There have been a lot of comments here about the rewards of spending the effort to raise a puppy, but to address your question, yes, the change is huge. A single guy with no tie downs at home (me) now getting a puppy, I've had to cut trips short this year, leave work early once a week to make it to training class, coordinate evening agendas with my girlfriend to ensure someone is home to let the dog out if we happen to work the same schedules that day, etc.

One huge point to consider is that this coordination goes on EVERYDAY. You are tired, you are hungover, you are busy, you are whatever, the pup needs you the same as it did the previous day.

I was dog crazy for 3 years before all the pieces came together for me and the time was right. I actually had a breeder say that I wasnt ready for a dog a few years ago, which made me feel good.

Your comment about hoping a dog will lay in the boat while you fish is great - hope you realize that puppies don't exactly do that though smile.gif When I take the dog ice fishing, I find I am spending about 50/50 playing with the dog and fishing...better than not going fishing at all, and playing with the dog on the lake is almost as fun as icing crapps!

The improvements we have seen since the beginning of October (he's now 5 months old) have been immense, but not without sacrifice, and yes, I wouldnt trade it for anything.

Hope this helps, from a new first time dog owner.

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Quote:

"$4k on a surgery, that's a change, or should I say a lot of "Change"! Worth every penny but things that you do need to be aware of when you own a dog. "

How does a guy pay for a surgery like that? Those are the concerns I have with owning a dog.

For you dog owners, do you worry about that as well?


It was a worry of mine that came true....this is my first dog and he has both elbow and hip dysplasia (both parents were good, from a big breeder). I had elbow surgery done last summer.....and it went on my Visa. No other way for me to come up with that kind of money. I am looking potentially at more sugery down the road....but we will see how things progress ....and how to pay for it at that time if it comes.

I would agree with what everyone has mentioned here. It's a big responsibility but it is well worth it. This is my first pup and I would not change a thing...even with what I have gone through. As GSP mentioned....the purchase price of the pup is the cheap part (and not even!)....this is something to be aware of.

It's very rewarding!!

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I have a 9 month old lab and it's the first dog my wife and I have had together. I would say the change is huge especially when you throw in the fact that we had our first child on August 29th. This is different and I love it all. I hunted my dog a lot this fall so I made the agreement with my wife that I would give up Ice fishing. I love to fish but I will give up ice fishing to fish out of the boat and hunt all fall anyday.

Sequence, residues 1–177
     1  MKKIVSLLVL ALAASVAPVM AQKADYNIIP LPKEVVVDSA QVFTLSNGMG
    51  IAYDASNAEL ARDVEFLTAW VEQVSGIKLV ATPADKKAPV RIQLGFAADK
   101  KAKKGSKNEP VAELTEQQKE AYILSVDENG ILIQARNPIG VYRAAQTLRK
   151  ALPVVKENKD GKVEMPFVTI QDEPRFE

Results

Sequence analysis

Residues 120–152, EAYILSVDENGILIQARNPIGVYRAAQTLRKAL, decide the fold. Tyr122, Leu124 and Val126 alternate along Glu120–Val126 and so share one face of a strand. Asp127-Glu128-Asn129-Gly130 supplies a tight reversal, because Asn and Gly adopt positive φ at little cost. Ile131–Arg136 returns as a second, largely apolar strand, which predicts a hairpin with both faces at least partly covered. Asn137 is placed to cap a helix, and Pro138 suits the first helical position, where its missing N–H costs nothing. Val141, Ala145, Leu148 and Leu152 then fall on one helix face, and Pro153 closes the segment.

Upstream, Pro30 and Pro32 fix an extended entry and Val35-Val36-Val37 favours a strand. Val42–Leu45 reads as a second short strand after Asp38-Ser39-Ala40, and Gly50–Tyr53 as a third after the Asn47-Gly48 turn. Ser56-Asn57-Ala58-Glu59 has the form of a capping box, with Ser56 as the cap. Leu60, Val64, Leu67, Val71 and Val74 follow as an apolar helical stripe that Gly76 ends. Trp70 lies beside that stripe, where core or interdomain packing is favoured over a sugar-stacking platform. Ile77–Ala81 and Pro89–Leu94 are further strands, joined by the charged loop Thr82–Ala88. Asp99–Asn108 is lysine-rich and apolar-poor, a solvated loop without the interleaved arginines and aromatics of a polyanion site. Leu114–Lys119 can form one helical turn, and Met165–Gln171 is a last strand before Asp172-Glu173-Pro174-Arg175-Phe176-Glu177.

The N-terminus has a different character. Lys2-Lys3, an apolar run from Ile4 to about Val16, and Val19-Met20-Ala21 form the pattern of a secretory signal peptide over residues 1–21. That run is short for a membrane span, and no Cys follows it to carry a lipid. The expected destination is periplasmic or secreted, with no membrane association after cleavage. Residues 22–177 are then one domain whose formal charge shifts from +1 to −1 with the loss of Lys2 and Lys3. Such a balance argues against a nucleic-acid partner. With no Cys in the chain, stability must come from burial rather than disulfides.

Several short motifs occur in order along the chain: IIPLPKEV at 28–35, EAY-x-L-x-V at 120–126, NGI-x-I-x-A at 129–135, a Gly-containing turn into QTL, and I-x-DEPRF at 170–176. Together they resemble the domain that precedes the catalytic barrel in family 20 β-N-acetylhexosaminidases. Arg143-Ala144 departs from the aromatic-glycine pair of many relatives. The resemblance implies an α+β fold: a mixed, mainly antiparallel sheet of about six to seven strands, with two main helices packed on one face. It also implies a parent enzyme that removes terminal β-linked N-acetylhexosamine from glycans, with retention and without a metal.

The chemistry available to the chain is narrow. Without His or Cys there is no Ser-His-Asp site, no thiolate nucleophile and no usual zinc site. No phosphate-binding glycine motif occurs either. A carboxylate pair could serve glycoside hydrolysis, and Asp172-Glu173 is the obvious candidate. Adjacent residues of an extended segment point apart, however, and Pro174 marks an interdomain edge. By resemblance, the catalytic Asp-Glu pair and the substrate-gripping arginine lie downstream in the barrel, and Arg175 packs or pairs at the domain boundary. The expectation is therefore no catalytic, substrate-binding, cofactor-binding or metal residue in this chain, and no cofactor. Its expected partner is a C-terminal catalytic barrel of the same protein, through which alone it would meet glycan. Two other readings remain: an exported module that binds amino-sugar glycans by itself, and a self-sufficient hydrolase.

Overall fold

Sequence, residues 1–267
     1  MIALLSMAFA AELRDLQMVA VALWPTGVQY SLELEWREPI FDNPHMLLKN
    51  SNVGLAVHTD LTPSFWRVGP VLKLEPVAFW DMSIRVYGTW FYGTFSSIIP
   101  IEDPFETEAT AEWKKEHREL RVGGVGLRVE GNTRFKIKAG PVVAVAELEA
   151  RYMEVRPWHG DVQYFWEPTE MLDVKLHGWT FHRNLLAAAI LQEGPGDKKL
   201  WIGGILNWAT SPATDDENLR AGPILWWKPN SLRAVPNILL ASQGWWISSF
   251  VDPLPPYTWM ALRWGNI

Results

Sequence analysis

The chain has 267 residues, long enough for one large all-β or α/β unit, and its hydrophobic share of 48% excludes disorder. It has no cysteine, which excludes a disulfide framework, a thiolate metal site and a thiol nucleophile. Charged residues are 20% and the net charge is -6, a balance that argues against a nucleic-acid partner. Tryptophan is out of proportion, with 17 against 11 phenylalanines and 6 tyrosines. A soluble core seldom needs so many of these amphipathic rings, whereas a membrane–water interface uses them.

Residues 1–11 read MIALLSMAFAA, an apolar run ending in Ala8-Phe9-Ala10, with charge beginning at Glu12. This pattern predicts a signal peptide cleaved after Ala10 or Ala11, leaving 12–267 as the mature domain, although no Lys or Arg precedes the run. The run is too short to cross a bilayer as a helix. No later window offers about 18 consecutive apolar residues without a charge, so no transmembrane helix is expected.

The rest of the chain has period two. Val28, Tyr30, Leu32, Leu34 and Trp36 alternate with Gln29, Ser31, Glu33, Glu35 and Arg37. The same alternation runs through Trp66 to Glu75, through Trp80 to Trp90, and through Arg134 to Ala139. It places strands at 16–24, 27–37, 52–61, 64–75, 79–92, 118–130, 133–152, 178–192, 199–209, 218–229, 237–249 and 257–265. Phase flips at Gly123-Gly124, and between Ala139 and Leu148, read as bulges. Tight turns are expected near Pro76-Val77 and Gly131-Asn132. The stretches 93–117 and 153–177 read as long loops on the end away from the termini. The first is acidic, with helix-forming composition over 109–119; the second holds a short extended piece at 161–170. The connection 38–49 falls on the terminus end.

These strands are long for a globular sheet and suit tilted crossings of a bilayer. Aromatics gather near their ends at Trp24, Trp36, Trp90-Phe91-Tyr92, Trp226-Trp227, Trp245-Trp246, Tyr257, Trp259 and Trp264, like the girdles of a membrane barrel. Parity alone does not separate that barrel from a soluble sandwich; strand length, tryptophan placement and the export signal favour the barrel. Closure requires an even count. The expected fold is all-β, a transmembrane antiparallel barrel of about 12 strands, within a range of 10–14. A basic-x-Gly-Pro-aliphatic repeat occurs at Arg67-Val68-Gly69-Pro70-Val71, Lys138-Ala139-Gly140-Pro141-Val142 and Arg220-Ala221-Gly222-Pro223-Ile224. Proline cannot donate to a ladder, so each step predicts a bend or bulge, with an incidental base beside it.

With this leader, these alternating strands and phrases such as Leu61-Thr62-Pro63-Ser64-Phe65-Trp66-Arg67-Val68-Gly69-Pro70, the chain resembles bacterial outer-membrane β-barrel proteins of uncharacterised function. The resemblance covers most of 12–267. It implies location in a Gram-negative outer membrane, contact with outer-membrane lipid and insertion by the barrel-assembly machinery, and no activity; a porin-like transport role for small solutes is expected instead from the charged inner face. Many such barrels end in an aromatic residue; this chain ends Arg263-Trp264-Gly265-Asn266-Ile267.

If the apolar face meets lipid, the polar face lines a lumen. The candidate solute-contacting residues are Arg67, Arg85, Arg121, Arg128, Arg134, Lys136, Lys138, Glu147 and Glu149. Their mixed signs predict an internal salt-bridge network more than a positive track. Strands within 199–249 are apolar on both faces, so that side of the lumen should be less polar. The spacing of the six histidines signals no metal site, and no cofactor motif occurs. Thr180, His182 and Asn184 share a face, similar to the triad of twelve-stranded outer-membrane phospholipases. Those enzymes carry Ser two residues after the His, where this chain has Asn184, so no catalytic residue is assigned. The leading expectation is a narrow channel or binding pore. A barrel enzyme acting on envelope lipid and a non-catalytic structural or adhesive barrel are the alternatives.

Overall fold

I just made the biggest change of all. After hunting over my new partner all fall I decided to put in my vacation bid for next year. I am taking Oct 21 thru December 15 off to get him out as much as possible. That will also give me more time to hit the pond for the fall bite next year grin.gif. I can't wait!

Change is good grin.gif

LovenLifeGuy

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"Your comment about hoping a dog will lay in the boat while you fish is great - hope you realize that puppies don't exactly do that though When I take the dog ice fishing, I find I am spending about 50/50 playing with the dog and fishing...better than not going fishing at all, and playing with the dog on the lake is almost as fun as icing crapps! "

Oh I fully understand as a pup that won't happen, but in time I hope to get her under control and have fun in the boat. Glad you brought up the ice fishing topic too because I like to do that and wondered how people with dogs dealt with em' on the ice.

Thanks for the replies about everything. I'm excited but nervous with the changes that come with everything. But like everything, change is always good and look forward to everything!

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Quote:

Glad you brought up the ice fishing topic too because I like to do that and wondered how people with dogs dealt with em' on the ice.


Just don't put the pup on a 20' lead and tie him to the front of your two man pull over portable....and then let him play around outside. Doesn't take much for him too wrap the lead around the whole house and pull the lead under the sled (movinig the sled off the holes) and across all 4 lines inside tangling everything!!!! Don't ask me how I found that out.... blush.gifgrin.gif

Good luck and be sure to update us when you get the pup!

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Another helpful suggestion is to find a hunting/fishing partner that either has a dog or is getting a puppy at the same time. I find that you'll typically have similar goals of getting the pups to behave, you may find more time to get outdoors with your pup.

As far as ice fishing and behavior is concerned...I bought a fish trap guide and removed one seat. I set up a dog bed in it.